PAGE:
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Inheritance Tax Planning – Maximise what you leave behind

Introduction

Inheritance Tax (IHT) can be complex, but effective planning can greatly impact what you leave behind for your loved ones.

The best starting point is to seek quality financial advice.

A skilled Financial Adviser (FA) can examine your assets, consider your lifetime goals, and guide you in aligning your financial planning with your wishes for your beneficiaries.
(If you don’t know an FA, all our advisers have links with quality ones in your area that can help you.)

This helps minimise IHT liabilities and ensures more of your wealth is preserved for future generations. 💼

After that the use of Trusts after your death through your Will can be explored.

Future articles during May 24 will explore these in more detail.

 

Can Inheritance Tax be paid from the estate?

Yes, IHT is typically paid from the estate before assets are distributed to beneficiaries.

The executor or administrator ensures the IHT bill is settled.

This amount is usually deducted directly from the estate’s value.

 

How does inheritance tax work?

IHT applies to the estate (including assets like property, savings, and investments) of someone who has passed away.

The tax rate is 40% on the estate value exceeding the current nil-rate band (NRB), which is set at £325,000.

An additional residence nil-rate band (RNRB) may apply if the estate includes a primary residence passed to direct descendants.

 

When is it due?

IHT is due within six months of the person’s death.

If unpaid, interest may be added to the outstanding amount.

Executors can make payments on account to manage this liability.

This is why it’s important to ensure your Executors know what assets you have, so they can assess the estate’s value and make timely payments.

A valuation of the estate must be submitted before a Grant of Probate is given, allowing the distribution of assets.

 

Will IHT be abolished?

There’s no definitive answer, as it depends on government policy.

IHT remains a controversial topic, and various political parties have different views on its future.

Latest HMRC data reveals that a record £7.5 billion was collected in IHT in the 2023/24 year, representing a rise of 5.6%.

Here is a recent article on this very issue –

 

IHT hits record £7.5bn, escalating concerns over frozen thresholds – Today’s Wills and Probate (todayswillsandprobate.co.uk)

 

While we can’t predict whether IHT will be abolished, we can safely say it would leave a massive hole to plug, and it would surely have to come from taxation elsewhere.

For now, IHT is still in place, and planning strategies should take current laws into account. 🏛️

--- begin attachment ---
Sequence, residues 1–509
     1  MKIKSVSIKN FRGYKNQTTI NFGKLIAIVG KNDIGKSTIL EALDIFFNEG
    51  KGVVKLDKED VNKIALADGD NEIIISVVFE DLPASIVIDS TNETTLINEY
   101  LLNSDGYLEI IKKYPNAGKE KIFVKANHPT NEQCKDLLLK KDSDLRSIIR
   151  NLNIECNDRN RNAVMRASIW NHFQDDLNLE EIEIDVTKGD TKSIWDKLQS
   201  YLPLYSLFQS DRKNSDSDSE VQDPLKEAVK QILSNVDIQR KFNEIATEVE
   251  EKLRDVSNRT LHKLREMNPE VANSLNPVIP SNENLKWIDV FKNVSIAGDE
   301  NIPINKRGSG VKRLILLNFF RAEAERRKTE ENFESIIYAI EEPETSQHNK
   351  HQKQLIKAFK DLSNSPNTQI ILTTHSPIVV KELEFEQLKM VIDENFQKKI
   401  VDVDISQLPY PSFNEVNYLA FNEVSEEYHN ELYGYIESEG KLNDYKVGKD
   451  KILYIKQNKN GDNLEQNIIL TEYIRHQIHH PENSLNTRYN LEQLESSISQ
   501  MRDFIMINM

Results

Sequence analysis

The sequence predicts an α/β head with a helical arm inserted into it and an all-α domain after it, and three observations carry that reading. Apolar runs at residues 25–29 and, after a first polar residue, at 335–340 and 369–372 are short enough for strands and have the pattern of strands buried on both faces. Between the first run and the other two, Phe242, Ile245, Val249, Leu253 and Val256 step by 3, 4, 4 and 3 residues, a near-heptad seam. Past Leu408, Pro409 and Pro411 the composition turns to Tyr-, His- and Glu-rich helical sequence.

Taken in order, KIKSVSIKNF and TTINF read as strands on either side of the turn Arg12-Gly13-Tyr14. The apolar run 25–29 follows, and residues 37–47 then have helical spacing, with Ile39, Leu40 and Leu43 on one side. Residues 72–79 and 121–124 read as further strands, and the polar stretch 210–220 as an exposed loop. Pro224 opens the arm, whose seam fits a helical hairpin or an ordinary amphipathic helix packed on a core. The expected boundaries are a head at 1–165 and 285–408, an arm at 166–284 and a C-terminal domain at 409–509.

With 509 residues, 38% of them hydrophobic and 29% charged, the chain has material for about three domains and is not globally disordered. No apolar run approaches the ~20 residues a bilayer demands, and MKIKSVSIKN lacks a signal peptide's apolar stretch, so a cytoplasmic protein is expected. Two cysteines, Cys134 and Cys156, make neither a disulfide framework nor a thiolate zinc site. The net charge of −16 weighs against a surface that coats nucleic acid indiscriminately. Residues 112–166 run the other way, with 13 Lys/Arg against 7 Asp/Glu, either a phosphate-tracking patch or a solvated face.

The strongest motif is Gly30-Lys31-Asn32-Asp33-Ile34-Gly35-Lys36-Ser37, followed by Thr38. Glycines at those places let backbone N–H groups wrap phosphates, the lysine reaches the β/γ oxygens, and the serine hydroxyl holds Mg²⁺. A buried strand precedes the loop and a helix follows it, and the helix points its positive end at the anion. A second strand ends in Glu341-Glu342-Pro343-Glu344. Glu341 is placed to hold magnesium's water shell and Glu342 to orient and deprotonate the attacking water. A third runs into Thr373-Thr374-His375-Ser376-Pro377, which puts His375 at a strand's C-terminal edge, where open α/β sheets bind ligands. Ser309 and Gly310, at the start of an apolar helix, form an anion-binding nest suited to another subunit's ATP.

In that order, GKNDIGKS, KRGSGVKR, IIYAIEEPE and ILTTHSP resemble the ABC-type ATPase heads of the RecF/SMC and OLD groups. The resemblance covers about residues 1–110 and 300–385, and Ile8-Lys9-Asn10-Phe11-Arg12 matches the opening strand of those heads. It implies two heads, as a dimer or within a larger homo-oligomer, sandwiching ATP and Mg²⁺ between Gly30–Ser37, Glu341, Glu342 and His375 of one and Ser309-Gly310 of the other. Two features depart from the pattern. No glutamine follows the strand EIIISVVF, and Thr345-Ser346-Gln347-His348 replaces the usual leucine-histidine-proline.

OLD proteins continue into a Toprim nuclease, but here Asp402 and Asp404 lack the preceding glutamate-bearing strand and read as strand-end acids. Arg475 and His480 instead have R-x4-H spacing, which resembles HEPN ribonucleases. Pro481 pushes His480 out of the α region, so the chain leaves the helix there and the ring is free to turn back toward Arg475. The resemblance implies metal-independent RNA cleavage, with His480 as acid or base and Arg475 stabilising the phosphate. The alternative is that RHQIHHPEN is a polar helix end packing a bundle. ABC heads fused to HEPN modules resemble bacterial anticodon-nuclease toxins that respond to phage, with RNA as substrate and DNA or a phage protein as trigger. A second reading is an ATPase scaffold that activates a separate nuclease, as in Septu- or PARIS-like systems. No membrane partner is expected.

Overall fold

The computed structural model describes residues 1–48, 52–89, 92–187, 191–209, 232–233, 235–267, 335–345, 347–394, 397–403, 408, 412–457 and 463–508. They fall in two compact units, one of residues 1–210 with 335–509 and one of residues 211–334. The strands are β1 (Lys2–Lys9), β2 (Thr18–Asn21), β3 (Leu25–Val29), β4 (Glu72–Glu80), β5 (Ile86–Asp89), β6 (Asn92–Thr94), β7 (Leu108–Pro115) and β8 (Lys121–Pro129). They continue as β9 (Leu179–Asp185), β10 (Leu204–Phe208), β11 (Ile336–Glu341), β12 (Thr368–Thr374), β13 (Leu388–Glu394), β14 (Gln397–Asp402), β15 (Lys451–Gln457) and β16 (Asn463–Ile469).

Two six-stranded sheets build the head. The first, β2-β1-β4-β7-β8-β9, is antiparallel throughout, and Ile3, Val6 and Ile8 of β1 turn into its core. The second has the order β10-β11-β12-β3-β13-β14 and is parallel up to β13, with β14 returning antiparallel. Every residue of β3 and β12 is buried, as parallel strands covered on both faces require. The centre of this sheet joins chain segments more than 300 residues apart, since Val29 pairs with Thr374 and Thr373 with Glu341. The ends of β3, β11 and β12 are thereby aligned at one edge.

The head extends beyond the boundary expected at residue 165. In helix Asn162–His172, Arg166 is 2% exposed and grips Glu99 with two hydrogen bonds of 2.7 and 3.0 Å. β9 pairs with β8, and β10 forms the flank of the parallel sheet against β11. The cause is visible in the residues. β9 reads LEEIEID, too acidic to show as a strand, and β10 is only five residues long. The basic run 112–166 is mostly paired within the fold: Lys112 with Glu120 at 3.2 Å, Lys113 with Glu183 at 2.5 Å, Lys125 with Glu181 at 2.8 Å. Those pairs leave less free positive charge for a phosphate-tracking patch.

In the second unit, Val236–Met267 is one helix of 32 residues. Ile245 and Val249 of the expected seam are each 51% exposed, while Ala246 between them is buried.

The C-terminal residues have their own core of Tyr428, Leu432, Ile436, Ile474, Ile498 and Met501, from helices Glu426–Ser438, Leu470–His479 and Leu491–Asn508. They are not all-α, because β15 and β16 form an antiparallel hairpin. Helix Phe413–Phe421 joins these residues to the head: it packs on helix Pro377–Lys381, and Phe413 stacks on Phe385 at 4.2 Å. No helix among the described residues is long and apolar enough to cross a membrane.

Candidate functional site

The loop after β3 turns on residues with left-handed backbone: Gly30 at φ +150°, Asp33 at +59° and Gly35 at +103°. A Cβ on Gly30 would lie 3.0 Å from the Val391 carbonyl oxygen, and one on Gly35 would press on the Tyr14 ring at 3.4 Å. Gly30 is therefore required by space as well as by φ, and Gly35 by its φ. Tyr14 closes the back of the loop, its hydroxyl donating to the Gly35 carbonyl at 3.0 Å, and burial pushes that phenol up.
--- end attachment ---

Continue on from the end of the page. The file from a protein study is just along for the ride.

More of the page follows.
Are the IHT rules changing?

IHT rules can change with new legislation.

Recent changes include freezes to the NRB and RNRB until April 2028.

Staying informed on current regulations and considering professional advice for your Inheritance Tax Planning is crucial for effective planning.

 

What allowances do we get?

The NRB offers an allowance of £325,000 before IHT is applicable.

The RNRB provides an additional allowance, currently up to £175,000, if a primary residence is passed to direct descendants.

Married couples and civil partners can transfer unused allowances from one partner to the other, potentially doubling these allowances. 💰

 

How are gifts to charity assessed?

Charitable donations are exempt from IHT. This means that gifts to charity can be deducted off the gross value of your estate before calculation for IHT.

If at least 10% of the net estate’s value is donated to charity, the IHT rate on the remaining estate is reduced from 40% to 36%.

This provides a significant incentive for philanthropic giving.

 

What simple things can I do each year?

You can utilise the £3,000 per person, per tax year gifting allowance.

This annual exemption allows you to give away up to £3,000 each tax year without the gift being subject to Inheritance Tax.

Small gifts of up to £250 per recipient per tax year are also allowed, and these can be given to an unlimited number of people or organisations, provided they aren’t included in the £3,000 annual gift.

The £3,000 allowance can be carried forward for one tax year if not used, though the £250 exemption cannot be carried forward.

Like to have a chat about this?
Here is the link to our ‘Beacons’ page to find the closest to you.
Then contact them direct or use the contact form and we will be in touch –

Contact / About Us – Beacon Advice

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